Look no further for an example of why police in Ferguson, Mo., don't trust the media.
USA Today reporter Yamiche Alcindor appeared on MSNBC shortly before midnight on Aug. 18 for an interview with Rachel Maddow on the chaotic situation in Ferguson since the shooting death of an unarmed 18-year-old black man by a white police officer two weeks ago. (Video after the jump)
While it's gotten considerably calmer in the last few days, tensions were still high when Alcindor uttered an unfortunate Freudian slip while speaking with Maddow --
MADDOW: I want to bring in now Yamiche Alcindor, she's a national breaking news reporter for USA Today. Yamiche, where are you and what are you seeing now?
ALCINDOR: I'm about a block away from the Quiktrip (ahem, the burned-out and looted Quiktrip) and people where I am are hiding behind buildings and trying to get away from the tear gas. The farther we get away from West Florissant (Avenue), the better you can breathe. As soon as I and other protest-, and protesters walk anywhere near West Florissant, your eyes begin to burn and your eyes begin to tear up, so people are really just kind of trying to duck and take cover behind these buildings to try to see if they can breathe more clearly.
Notice how quickly Alcindor realized she should not lump herself in with protesters.
It comes close but doesn't top my favorite moment of MSNBC coverage in Ferguson, which came when protesters heaved rocks at Chris Hayes and MSNBC colleague Craig Melvin. Fortunately, neither man was injured, and Hayes' reaction was priceless -- "People are angry, man. They're really angry." Aww, how empathetic. I half expected him to ask protesters if they could all share a hug.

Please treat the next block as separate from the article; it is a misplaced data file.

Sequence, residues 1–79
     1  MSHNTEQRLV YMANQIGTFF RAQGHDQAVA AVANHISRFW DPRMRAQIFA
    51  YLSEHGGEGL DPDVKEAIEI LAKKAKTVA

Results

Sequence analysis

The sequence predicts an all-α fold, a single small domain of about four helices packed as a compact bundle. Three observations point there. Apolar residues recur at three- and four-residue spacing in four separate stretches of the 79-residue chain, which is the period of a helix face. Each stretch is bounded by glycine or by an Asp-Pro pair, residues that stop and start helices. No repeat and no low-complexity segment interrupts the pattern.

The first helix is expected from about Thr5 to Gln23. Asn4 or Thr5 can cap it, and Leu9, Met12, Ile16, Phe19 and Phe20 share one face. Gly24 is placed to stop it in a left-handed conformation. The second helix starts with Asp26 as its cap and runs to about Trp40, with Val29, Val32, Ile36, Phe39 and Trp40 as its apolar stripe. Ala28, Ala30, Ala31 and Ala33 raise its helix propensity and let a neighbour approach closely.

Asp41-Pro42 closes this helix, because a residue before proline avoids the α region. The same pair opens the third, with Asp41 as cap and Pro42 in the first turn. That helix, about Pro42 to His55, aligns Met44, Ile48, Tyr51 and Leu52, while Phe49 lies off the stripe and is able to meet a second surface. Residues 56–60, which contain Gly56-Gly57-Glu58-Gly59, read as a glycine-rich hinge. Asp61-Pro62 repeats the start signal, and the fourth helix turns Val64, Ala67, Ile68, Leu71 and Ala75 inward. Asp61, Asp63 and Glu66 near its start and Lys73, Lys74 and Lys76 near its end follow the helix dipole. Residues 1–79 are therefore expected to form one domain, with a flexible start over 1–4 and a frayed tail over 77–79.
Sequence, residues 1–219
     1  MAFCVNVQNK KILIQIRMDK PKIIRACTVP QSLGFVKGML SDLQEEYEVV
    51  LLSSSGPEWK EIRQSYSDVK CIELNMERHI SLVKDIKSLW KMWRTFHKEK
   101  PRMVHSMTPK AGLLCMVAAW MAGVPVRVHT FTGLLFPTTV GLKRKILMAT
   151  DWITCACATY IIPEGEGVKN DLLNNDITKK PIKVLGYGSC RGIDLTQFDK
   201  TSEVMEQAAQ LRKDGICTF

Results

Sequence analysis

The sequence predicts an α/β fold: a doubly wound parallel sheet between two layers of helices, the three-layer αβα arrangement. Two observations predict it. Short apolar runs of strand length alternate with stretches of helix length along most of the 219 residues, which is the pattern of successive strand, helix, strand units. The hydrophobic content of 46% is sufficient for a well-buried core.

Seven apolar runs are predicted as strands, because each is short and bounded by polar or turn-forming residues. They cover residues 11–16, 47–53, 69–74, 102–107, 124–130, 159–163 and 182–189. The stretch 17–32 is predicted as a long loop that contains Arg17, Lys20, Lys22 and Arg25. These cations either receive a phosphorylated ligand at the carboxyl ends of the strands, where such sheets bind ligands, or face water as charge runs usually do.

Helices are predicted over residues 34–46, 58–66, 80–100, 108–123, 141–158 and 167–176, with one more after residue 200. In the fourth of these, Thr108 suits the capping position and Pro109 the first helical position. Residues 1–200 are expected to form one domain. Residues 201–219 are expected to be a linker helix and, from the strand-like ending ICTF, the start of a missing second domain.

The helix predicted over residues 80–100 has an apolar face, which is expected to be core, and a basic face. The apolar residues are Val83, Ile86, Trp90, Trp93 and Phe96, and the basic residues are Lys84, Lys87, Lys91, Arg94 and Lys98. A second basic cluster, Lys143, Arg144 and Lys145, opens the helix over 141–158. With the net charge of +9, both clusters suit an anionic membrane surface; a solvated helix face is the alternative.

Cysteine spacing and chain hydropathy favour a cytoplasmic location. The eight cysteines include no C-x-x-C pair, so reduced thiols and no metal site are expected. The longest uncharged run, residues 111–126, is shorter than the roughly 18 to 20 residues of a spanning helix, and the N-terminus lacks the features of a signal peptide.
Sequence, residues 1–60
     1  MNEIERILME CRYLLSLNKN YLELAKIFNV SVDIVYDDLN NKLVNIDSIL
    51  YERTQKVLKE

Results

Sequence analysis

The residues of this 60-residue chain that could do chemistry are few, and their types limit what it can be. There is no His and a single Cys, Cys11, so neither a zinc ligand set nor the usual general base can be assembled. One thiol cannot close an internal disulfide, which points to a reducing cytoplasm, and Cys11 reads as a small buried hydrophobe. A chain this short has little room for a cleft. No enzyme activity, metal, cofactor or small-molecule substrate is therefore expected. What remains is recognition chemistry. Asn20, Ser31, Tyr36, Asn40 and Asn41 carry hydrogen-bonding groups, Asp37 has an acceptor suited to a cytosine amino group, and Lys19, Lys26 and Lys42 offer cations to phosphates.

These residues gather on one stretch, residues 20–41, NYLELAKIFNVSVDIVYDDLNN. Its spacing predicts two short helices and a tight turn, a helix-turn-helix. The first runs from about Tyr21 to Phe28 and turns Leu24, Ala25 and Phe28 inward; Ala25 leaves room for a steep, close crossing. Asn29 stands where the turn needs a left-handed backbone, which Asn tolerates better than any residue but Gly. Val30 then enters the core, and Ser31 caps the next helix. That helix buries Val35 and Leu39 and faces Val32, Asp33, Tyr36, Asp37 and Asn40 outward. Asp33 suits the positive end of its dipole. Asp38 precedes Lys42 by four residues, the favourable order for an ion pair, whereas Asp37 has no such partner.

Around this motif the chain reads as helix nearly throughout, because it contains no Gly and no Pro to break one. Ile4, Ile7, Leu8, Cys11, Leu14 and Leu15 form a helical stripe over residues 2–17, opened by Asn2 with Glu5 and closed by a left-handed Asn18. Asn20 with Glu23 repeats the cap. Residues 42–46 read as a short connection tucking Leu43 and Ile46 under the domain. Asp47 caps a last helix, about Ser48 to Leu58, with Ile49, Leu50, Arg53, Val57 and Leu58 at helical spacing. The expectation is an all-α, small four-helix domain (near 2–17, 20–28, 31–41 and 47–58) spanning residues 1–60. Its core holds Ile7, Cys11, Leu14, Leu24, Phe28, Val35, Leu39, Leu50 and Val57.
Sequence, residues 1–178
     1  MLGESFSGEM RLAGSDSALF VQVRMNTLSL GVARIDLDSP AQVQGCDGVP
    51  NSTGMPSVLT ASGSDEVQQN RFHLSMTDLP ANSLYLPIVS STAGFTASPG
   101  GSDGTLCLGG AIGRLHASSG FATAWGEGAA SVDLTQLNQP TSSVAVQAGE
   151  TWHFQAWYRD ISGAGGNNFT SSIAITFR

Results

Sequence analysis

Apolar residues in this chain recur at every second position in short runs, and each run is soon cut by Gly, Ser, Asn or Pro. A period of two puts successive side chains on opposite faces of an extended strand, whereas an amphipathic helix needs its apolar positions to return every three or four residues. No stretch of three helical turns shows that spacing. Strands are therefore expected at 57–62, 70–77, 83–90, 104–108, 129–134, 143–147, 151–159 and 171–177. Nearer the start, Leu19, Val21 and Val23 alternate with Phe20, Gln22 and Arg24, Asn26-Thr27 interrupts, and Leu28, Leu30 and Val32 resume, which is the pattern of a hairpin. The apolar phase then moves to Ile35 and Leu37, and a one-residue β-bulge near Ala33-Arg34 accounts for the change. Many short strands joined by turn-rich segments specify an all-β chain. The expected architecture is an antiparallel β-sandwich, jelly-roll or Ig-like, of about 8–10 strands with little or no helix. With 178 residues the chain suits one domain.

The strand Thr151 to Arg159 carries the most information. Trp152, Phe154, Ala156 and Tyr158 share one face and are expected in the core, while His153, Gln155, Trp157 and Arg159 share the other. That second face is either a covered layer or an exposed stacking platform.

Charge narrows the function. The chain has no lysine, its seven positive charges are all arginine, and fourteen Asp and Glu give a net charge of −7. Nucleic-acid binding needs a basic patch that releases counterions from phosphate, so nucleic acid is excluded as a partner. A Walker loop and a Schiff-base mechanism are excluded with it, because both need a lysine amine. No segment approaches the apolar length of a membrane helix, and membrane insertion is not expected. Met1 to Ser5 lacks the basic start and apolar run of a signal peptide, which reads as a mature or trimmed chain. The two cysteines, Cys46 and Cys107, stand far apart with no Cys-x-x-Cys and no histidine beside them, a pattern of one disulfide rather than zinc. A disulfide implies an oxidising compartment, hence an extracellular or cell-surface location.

As for Alcindor's politics, she tells us all we need to know with her header photo on Twitter -- appearing as a guest on the weekend show of Melissa Harris-Perry, MSNBC's most annoying Maoist.
Alcindor made another memorable media appearance from Ferguson when she spoke with PBS's Judy Woodruff on Aug. 14 --
WOODRUFF: First of all, reaction to the governor's announcement that the Missouri Highway Patrol is going to be taking over law enforcement there.
ALCINDOR: Residents here for the last two days that I've been here have really been complaining about what they consider military-style policing. People are welcoming this announcement. I just talked to a woman who said she was scared to have her child out in the street and that she was going in extra early. I think people are really excited about this and, even though they don't know what exactly is coming and they're still kind of wary about what the Highway Patrol is going to do, people think if it's not going to be tanks or tear gas, that maybe something will be better.
The question Woodruff couldn't bring herself to ask: Where exactly are those tanks you mentioned ...?